There is irrefutable evidence that Middle School is where kids learn to fail.

  6. How can K-12 schools improve when grammer school kids in my neighborhood in the past month have had one day off for teacher education three for holidays and a shortened Wednesday session each week for whatever reason. While this is going on educators are scratching their heads wondering why the kids are not learning fast enough. In the words of Bob Dylan “You don’t need a weather man to know which way the wind is blowing.”

    1. Rich, public k-12 schools in California aren’t about kids and learning, its about creating a secure revenue stream (dues) from a state sponsored make-work program for the benefit of teacher union bosses promoted by their sock puppets like Tom Torkleson and his fellow travelers that take their money and watch out for the union interests in the legislature.

  7. John Stossel had a good program touching this subject. The best point was Bill Gates involvement.

  8. The schools will never improve unless there is competition among them. Otherwise, except in a few towns, the schools will be dominated by reactionary forces unwilling to change how education is admministered. In South Carolina, there is a BMW factory. BMW might want to set up an academy to train the company’s future workers. The academy could be tuition-free on the condition that anyone who attends the academy work for BMW for a certain number of years. The time has come to end the education-government monopoly that now dominates puplils’ education between kindergarden and 12th grade.

    Richard Colman
    Orinda, CA

    1. @ Richard:

      Agreed. Competition offers incentive to innovate, continuously improve. Without it bureaucracies stagnate.

      More conversation about this topic has been ongoing over at Theresa Harrington’s blog on the ibabuzz.com/onassignment website at: http://bit.ly/Y3ztyW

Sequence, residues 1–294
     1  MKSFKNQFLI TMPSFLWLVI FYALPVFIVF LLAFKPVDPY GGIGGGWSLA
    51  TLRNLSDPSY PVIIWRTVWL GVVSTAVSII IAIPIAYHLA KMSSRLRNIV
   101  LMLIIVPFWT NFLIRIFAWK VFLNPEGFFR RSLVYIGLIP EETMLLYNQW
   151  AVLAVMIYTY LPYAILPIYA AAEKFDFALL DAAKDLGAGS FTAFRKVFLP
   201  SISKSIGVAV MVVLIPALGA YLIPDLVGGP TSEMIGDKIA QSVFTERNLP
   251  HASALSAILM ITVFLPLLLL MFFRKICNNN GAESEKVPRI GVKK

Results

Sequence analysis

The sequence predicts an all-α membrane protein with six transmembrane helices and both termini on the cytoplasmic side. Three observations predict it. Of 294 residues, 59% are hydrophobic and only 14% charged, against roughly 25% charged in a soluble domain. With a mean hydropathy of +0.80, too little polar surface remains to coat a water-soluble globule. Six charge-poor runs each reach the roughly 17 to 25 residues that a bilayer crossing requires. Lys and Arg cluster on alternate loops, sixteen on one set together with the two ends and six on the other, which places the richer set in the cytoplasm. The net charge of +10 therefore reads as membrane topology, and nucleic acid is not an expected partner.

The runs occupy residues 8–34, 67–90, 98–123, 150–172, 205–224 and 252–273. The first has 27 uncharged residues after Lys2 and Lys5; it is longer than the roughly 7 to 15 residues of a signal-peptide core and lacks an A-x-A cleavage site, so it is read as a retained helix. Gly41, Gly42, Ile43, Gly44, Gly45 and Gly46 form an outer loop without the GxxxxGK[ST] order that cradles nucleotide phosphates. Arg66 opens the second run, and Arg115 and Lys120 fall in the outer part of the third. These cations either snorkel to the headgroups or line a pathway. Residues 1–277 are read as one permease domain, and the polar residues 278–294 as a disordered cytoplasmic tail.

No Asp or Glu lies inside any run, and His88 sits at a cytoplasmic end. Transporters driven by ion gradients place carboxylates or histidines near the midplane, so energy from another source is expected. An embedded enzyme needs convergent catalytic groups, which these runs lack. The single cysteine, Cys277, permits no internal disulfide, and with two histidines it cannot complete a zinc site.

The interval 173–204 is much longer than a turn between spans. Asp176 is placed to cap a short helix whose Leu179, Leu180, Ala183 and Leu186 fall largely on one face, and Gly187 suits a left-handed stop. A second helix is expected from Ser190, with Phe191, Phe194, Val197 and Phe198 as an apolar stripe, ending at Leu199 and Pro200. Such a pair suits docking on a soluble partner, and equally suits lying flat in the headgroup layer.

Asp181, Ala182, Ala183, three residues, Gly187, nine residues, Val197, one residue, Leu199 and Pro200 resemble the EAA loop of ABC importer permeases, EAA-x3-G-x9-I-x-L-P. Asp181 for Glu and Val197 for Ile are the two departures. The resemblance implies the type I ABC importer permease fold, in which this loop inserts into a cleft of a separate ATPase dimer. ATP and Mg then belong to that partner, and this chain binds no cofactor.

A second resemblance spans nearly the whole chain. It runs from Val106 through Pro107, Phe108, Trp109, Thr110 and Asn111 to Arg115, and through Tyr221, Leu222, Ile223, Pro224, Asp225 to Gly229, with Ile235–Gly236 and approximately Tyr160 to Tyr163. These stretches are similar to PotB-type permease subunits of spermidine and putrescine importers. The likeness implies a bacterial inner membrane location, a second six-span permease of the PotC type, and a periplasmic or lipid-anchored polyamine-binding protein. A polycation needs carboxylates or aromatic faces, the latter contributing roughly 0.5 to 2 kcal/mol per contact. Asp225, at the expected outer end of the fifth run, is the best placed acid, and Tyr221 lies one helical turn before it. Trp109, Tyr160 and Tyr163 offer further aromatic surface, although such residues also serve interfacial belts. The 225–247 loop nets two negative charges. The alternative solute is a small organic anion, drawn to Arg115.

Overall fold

2. These sorts of wide ranging proposals remind me of the predictable semi annual peace vigils and had wringing in Richmond to address violence. Ineffectual and misdirected.

  9. I would suggest that we need intervention at every level of education and even pre-kindergarten and pre-birth. Women need great prenatal care. Parents at every age of a child need education how to encourage age appropriate development. We don’t teach how to raise children. We just assume parents will know. We need to encourage turning off the television. We need to have after school programs, summer school programs, and assistance for any child. When we make children a priority over everything else, that’s when we will have highschool graduates who do not need learn math or english!

    1. Fund students equally and let parents choose the education of choice for their kids. This is a perquisite necessary to fix failing schools. But the ruling establishment from Torklsen on down must protect their benefactors eg the all powerful teachers unions. These people are frauds and have done nothing in their wasted careers to truly improve education in california. Its one thing to waste their own legislative and bureaucratic career but they have consigned generations of children to failure as well.

  10. This week City of Pleasant Hill, Mayor Michael Harris unveiled a new initiative. Below is the City’s write-up about it. Question: What will be the likely impact of this program on Pleasant Hill’s K-12 schools in the Mt.Diablo Unified School District?
    – – – – – – – – – – – – – – – – – – – – – – – –
    The Pleasant Hill Chamber of Commerce hosted the “Mayor’s Breakfast” event on Thursday, February 7th during which Mayor Michael Harris launched a new program: The Pleasant Hill Education Initiative.

    The intention of The Initiative is to establish a community-wide volunteer effort to enhance the quality of education for students in Pleasant Hill. The Initiative would include programs such as
    mentoring and tutoring students, volunteering in schools, career counseling, job shadowing, community teaching labs and afterschool enrichment programs.

    Mayor Harris is seeking to form a Steering Committee to plan and oversee The Initiative. This committee would be comprised of representatives from various organizations including City Commissions, the Pleasant Hill (PH) Recreation Park District, Mt. Diablo Unified School District, PH Library, Foundation for PH Education, PH Chamber of Commerce, Construction Trades,
    and the PH Community Foundation.

    Those interested in being on the Steering Committee or wishing to be a volunteer in the program can sign up online at http://www.pleasant-hill.net/phei. For more information on The Initiative, contact Martin Nelis at mnelis@ci.pleasant-hill.ca.us.

    1. Too wide a scope. Should focus just on Middle Schools as that’s the documented great divide where kids get shunted into failure or success.